Paul Manafort
Paul Manafort Reuters

A US federal judge on Thursday sentenced former Trump campaign chairman Paul Manafort to 47 months in prison for financial crimes uncovered during special counsel Robert Mueller’s investigation into Russian meddling in the 2016 presidential election, reports The Hill.

Under sentencing guidelines, Manafort faced 19 1/2 to 24 years in prison. Defense attorneys had urged Judge T.S. Ellis III to consider a more lenient punishment, citing their client’s age, poor health and his assistance in Mueller’s probe.

Manafort, who turns 70 in April, was convicted by a jury last August of eight criminal charges -- five counts of filing false tax returns, two counts of bank fraud and one count of failing to report foreign bank accounts.

His case in the US District Court for the Eastern District of Virginia marked the first criminal trial in the Mueller investigation. But as the defense noted, the charges against Manafort were not tied to Russian election meddling or allegations of collusion.

Ellis said during the trial that Mueller’s team of prosecutors could not mention their investigation into possible coordination between President Donald Trump’s campaign and Russia’s government, according to The Hill.

Federal prosecutors spent almost two full weeks over the summer detailing to jurors how Manafort hid $55 million in foreign bank accounts, cheated the public out of more than $6 million in taxes on income from his work as a political consultant for pro-Russian politicians in Ukraine, and defrauded banks when the money ran out.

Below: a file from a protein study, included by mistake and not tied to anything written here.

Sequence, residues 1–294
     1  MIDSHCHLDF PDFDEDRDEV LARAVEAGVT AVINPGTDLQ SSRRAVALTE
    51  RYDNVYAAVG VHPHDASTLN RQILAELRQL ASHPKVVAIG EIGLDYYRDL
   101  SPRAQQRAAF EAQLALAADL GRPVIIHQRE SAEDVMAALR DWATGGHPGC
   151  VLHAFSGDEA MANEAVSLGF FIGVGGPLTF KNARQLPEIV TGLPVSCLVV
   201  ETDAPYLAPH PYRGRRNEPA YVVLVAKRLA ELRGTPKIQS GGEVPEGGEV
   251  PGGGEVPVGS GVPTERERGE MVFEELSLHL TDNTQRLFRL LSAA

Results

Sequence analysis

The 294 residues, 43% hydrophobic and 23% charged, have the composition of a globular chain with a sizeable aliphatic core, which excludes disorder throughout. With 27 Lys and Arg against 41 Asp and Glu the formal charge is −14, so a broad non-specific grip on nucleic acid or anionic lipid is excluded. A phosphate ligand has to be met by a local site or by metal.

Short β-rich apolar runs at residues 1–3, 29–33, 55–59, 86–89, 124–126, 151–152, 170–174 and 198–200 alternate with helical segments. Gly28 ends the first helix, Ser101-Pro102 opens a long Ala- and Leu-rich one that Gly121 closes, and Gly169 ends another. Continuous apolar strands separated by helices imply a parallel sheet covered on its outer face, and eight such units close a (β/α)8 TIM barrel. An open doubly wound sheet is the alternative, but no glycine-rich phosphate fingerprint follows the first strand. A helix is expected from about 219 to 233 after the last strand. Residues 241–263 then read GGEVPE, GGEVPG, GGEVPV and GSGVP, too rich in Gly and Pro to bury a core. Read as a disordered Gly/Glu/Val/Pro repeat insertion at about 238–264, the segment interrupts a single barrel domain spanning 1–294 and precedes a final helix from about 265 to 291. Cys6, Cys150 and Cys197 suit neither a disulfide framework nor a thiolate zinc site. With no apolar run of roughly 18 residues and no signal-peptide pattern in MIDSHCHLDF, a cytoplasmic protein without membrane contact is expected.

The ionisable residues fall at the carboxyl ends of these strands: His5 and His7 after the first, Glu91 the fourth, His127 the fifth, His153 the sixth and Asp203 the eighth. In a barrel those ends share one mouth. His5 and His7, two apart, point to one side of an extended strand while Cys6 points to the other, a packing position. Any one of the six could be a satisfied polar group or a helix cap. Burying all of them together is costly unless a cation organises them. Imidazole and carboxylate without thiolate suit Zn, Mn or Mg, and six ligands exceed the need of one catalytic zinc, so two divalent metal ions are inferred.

To avoid a second criminal trial on separate charges in Washington, D.C., Manafort reached a plea deal with Mueller that involved his full cooperation with federal prosecutors. But the federal judge presiding over his case in D.C. found that he lied to investigators and a federal grand jury about subjects “material” to Mueller’s investigation.

Manafort is scheduled to be sentenced in D.C. next Wednesday for conspiracy against the US and conspiracy to obstruct justice by tampering with witnesses. He faces a maximum of 10 years in prison for those charges. Jackson will decide whether he should serve those years consecutively or concurrently with the ones handed down by Ellis.

Mueller has charged Manafort and five other Trump associates in the course of his investigation with crimes that include financial violations, false statements and obstruction. The special counsel also indicted more than two-dozen Russians involved in plots to interfere in the 2016 presidential election, but none of the charges have alleged any conspiracy between the Trump campaign and the Kremlin.

While Mueller is investigating possible collusion between Trump's campaign and Russia, President Trump himself has reportedly been informed he is not a target of the probe.

Trump has acknowledged intelligence information indicating that Russia meddled in the 2016 presidential election, but has rejected the idea that his campaign colluded with Russia in the meddling.

There is broad speculation that Mueller is close to wrapping up his nearly two-year investigation. Mueller is expected to deliver a report to Attorney General William Barr upon his conclusion, but it remains unknown what parts -- if any -- will be sent to Congress or made public.

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